Engineering is all about design. Creating elegant solutions. Finding the best compromise between price, performance, power, reliability, time-to-market, and so on. It’s a high-wire act that requires balance, technical skill, and more than a little creativity.
Sales, on the other hand, is all about… well, selling. And marketing? The less said about marketing the better, right?
So why does the world reward bad products and ignore good ones? Why do so many idiot customers seem oblivious to the benefits of yourdesign while shelling out good money for that other company’s inferior product?
Why don’t the best products win?
The very question betrays a misunderstanding of the word “best.” The best products always win – always – but when it seems otherwise it’s only because we don’t understand the important criteria. To borrow a famous line, the answer lies not in our stars but in ourselves.
As engineers, we generally have a pretty lousy idea of what’s best for our customers. Our analytical skills get in the way; we define “best” along strictly tangible and quantitative lines, often ignoring the more intangible factors that most customers, in fact, prefer. We’re too smart for our own good, and it blinds us to the reality of making a successful product.
The solution is to build crappy products.
Can You Hear Me Now?
The world is filled with technically inferior products that nevertheless sell very well. In fact, you might say that technical superiority is inversely proportional to market success. The worse the product, the better it sells, and vice versa.
Let’s start with MP3 players like the iPod, Zune, Sansa, and others like them. Instead of comparing these products to each other – which would miss the point entirely – let’s instead compare them to the music alternatives. All MP3 players have lousy playback quality. That’s inherent in the MP3 encoding format (as well as AAC, Ogg, and any other digitized format). All these products inevitably reduce the quality of the music, even compared with already compromised formats like CDs.
You’d think that newer technology would improve music quality, not degrade it. Yet nobody seems to care. At the same time that the first MP3 players were trickling into the market, Sony and other companies were following the more logical path of developing players with better music quality. Nobody bought those. Given the choice between better-quality sound and the convenience of MP3-format files, the shambling, ignorant masses chose the latter.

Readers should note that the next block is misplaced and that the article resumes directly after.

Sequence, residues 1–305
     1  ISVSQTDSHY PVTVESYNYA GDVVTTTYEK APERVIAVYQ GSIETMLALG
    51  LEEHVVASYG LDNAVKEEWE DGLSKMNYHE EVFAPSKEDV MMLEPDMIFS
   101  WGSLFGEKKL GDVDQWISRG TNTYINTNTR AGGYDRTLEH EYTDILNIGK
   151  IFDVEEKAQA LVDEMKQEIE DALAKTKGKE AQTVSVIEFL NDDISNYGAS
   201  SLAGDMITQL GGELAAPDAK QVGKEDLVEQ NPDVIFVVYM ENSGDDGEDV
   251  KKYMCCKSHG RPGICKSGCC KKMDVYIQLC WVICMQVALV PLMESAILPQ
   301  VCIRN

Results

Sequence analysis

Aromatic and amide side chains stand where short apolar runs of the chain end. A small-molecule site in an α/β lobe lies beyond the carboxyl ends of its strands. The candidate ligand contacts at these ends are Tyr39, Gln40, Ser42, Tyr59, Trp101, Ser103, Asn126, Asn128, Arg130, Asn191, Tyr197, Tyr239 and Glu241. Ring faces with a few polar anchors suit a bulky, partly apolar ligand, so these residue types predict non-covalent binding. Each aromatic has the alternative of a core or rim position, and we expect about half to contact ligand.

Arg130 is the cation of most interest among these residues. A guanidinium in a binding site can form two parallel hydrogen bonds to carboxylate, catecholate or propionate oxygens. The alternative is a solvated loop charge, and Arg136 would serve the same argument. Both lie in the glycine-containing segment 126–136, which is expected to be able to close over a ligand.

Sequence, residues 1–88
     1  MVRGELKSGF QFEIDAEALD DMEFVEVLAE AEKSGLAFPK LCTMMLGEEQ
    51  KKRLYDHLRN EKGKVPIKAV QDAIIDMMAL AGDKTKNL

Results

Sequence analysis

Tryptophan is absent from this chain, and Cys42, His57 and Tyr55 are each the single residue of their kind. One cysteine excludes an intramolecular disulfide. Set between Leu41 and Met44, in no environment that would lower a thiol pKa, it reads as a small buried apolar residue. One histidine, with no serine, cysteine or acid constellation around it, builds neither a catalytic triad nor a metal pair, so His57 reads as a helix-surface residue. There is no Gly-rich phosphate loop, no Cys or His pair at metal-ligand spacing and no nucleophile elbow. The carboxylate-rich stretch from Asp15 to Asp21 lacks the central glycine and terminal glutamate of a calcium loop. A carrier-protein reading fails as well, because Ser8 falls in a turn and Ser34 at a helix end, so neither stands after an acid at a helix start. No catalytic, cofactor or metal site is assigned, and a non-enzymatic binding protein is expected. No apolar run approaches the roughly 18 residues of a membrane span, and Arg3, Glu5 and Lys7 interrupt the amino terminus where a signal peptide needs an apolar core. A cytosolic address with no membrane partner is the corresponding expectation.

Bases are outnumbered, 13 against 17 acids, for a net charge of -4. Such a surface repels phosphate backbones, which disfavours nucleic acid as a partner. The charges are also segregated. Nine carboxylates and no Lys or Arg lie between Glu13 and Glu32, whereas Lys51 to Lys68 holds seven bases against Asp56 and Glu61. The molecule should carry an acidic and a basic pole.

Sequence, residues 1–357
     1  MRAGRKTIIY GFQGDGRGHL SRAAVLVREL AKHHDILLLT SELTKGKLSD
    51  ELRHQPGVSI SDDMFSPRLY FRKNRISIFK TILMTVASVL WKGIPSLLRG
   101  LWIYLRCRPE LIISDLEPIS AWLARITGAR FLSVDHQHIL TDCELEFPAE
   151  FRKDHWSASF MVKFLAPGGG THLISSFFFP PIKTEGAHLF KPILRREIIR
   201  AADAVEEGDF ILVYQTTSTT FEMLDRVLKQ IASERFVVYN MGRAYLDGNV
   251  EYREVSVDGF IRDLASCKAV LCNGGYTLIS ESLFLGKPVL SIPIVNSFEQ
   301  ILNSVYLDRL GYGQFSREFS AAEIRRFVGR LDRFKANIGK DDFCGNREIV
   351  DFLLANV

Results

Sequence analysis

There are thousands of examples of this same effect. The best-selling PCs today aren’t the fastest or most-advanced ones, they’re the crappy $300 netbooks with cramped keyboards, limited features, and the small LCD screens that we avoided just a few years ago. The best-selling car in America? The Ford F-150 pickup truck – a truck, for heaven’s sake! Skype, the service that enables lurching and spasmodic conversations over the Internet, added 38 million users in just three months, not because it’s good but because it’s free. The Flip camcorder is the hottest-selling video camera ever made, not because it takes good-quality video but because it doesn’t. Flip’s designers deliberately (and quite proudly) designed it to take low-grade pictures that were barely good enough for YouTube (another low-quality service). Early TiVo boxes degraded video quality by a noticeable amount (it has since improved), but TiVo nonetheless gained a loyal following and several imitators.
We can’t even chalk up all of this bad quality to low price. After all, consumers have always been able to trade price for quality in everything from handbags to howitzers, but price doesn’t seem to be a factor here. Look at the overwhelming dominance of Microsoft’s Windows over “better” and cheaper operating systems like MacOS, Linux, and a hundred others. Or the popularity of Intel’s miserable, byzantine, and archaic – not to mention expensive – x86 processor chips in spite of a spate of “better” alternatives. MP3 players, most especially the iPod, are little more than a hard drive with a “Play” button, yet they sell for a steep premium. Why are people paying good money for bad products?